Chris Boardman has revealed that he is to quit his role as Head of Research & Development at British Cycling after this summer’s Olympic Games in London. Best known these days as a BBC commentator and for his range of bikes, Boardman’s role in the emergence of Great Britain as a power in world cycling has been low-key, but crucial.
The 43-year-old revealed that he was stepping down from the post, which he has occupied for nine years, in a blog piece written for BBC Sport that provides a fascinating insight into his role in Great Britain’s success in recent years, including a behind-the-scenes glimpse at how it ensures that bikes an other equipment meet UCI regulations.
By his own admission, Boardman, winner of Olympic gold in the individual pursuit at Barcelona in 1992, world time trial champion two years later and three times a wearer of the maillot jaune in the Tour de France, was a hands-on, some might say obsessive, rider when it came to the specification and set-up of his own bikes and the equipment he used.
“I've always been fascinated with understanding and making things, going back to my first job as a cabinet maker,” he acknowledged. “From the first bikes I owned, I can remember filing gear levers to make them lighter and messing in the shed. As a pro cyclist I would commission my own equipment.”
Back when Boardman won what turned out to be Great Britain’s sole cycling medal at Barcelona, the thought that 16 years later in Beijing any country, let alone Great Britain, would win 14 cycling medals, eight of those gold, was far-fetched to say the least.
Boardman, who had struggled with osteoporosis, retired from racing at the end of the 2000 season when he was aged 30. It was his own keen attention to detail and making sure that everything was ‘just so’ that led to his being brought into British Cycling’s backroom team, although that didn’t happen immediately.
“After the Athens Olympics, I had a conversation with British Cycling's performance director, Dave Brailsford,” he explained. “Over coffee, the concept of ‘marginal gains’ came up. I was charged with looking at everything which wasn't coaching, physical or tactical, to see which areas we could improve. We gave UK Sport the plan, UK Sport gave us funding.
“In the run-up to the Beijing Olympics we gained a huge understanding. We didn't just try to make a big improvement in one area; we looked at a thousand things, and how each could be improved by just one per cent. Aggregate all of that and it becomes a meaningful number.”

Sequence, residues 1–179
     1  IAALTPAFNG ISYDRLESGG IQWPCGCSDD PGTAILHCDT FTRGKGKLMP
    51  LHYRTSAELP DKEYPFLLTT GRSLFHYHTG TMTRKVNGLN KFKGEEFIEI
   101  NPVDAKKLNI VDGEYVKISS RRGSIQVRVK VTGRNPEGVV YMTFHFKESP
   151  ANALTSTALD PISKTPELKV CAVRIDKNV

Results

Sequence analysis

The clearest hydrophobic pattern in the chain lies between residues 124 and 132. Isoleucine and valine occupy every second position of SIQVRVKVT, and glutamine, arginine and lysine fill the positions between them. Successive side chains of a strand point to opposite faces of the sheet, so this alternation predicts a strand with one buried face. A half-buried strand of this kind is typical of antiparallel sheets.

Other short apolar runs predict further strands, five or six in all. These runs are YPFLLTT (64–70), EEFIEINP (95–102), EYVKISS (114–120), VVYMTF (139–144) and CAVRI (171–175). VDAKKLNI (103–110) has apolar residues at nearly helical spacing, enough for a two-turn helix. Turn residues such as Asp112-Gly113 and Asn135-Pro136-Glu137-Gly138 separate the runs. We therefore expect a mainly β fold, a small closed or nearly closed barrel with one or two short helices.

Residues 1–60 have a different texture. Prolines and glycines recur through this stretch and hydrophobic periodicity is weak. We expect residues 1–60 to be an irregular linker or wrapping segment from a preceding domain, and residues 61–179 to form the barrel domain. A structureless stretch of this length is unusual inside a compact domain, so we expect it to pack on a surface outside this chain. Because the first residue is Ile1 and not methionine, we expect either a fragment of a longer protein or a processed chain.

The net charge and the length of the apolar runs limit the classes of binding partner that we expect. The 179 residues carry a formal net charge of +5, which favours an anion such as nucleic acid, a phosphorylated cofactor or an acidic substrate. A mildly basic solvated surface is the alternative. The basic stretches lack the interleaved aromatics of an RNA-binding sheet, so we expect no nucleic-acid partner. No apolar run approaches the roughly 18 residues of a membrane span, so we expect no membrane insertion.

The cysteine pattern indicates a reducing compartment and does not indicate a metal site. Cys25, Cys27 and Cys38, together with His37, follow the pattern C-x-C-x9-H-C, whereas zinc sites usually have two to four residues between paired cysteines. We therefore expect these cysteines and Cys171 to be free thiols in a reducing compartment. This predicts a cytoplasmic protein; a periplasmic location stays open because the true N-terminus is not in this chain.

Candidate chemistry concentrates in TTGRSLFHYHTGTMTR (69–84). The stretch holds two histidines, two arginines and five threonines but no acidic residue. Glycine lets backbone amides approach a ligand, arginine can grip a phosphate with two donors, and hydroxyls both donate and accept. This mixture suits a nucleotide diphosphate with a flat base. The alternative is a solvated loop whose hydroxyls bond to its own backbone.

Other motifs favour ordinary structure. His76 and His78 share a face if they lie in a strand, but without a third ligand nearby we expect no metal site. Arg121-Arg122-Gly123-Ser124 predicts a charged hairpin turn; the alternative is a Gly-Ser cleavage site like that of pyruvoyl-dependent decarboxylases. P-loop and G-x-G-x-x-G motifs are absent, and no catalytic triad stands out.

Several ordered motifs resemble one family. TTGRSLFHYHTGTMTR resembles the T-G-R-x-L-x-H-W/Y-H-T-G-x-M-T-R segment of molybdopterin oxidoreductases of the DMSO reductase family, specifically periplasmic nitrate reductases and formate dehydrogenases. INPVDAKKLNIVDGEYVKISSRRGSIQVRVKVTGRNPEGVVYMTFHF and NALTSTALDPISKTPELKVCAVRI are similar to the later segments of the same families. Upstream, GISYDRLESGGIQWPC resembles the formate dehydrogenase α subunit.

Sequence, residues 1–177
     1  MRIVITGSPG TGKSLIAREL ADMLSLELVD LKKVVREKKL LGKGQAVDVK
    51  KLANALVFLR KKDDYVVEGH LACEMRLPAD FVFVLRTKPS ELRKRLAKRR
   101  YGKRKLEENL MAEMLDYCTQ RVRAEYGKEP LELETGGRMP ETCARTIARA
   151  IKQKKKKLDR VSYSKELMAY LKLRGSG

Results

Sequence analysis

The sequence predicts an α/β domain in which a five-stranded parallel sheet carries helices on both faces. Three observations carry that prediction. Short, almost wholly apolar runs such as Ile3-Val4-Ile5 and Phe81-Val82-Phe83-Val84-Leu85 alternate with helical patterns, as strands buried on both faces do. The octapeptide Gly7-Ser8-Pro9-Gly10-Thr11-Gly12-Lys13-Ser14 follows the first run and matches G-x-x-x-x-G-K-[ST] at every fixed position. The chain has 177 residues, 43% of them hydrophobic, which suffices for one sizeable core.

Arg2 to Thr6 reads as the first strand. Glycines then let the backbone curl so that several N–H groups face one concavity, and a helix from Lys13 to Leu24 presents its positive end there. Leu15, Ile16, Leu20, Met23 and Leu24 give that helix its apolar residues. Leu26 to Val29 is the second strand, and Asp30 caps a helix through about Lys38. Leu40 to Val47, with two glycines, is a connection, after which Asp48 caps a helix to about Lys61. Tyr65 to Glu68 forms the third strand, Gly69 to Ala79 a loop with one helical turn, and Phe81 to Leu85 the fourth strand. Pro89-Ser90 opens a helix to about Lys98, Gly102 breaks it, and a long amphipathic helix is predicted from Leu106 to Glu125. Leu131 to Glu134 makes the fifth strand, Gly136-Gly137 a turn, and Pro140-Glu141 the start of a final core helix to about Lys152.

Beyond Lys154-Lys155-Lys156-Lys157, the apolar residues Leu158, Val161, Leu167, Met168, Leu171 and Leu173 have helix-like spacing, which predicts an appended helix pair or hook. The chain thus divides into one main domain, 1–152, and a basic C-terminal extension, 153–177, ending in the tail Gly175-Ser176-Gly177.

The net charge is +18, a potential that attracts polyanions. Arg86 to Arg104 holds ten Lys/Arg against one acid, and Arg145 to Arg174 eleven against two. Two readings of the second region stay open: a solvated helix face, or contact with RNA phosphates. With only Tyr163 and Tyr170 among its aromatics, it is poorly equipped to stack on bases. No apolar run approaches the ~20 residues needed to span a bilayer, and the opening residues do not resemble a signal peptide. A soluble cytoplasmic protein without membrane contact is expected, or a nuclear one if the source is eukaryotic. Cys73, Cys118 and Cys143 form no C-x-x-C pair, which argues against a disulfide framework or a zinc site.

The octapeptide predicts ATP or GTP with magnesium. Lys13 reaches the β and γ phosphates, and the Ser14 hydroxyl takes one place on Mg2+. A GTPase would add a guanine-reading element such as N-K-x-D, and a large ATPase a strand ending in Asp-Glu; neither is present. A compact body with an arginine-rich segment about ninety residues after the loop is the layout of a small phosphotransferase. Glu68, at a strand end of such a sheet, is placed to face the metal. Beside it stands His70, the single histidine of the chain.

Boardman says that Great Britain’s principal achievement ahead of the Beijing Games was helping riders understand the importance of aerodynamics, something that he says other countries, and Australia and Germany in particular, have since replicated.
“But we don't pay attention to what they are doing,” he maintained. “Nor do we even look within our own sport. By now, we have learnt that game-changing ideas do not come from experts, they come from people who haven't got a clue and ask stupid questions,” citing the example, “Why are you using 42cm bars?” “ Because we always have.” “Wouldn't it make sense to use narrower bars?"
“And now you see us using narrower bars,” he continued. “Those questions make you stop and think where you didn't before. The difficulty for us is that every advance we make is copied. Yes, we use narrower bars, but look around you. All the top sprinters are doing it.”
Of course, whatever technical advances you may make, they are useless if they fall foul of UCI regulations regarding equipment, whether that be frames, other bike components, clothing or helmets, among others.
According to Boardman, since Beijing British Cycling has sought to involve the governing body at a much earlier stage of the process than happened previously, and he also revealed that some new kit will be on show at London 2012.
“Much of what the British cyclists will use at London 2012 is not on show yet - it is still being manufactured,” he outlined. “The only people who have seen it all are at cycling's world governing body, the UCI. The most important point to make is how we have changed our relationship with the UCI in the last four years.
“We are really open with them,” Boardman added. “I have been to see them to discuss everything we're doing, show them prototypes, and show them the finished articles. In two weeks' time I will show them the final garments of clothing, for example. We want them to be totally happy going into London 2012.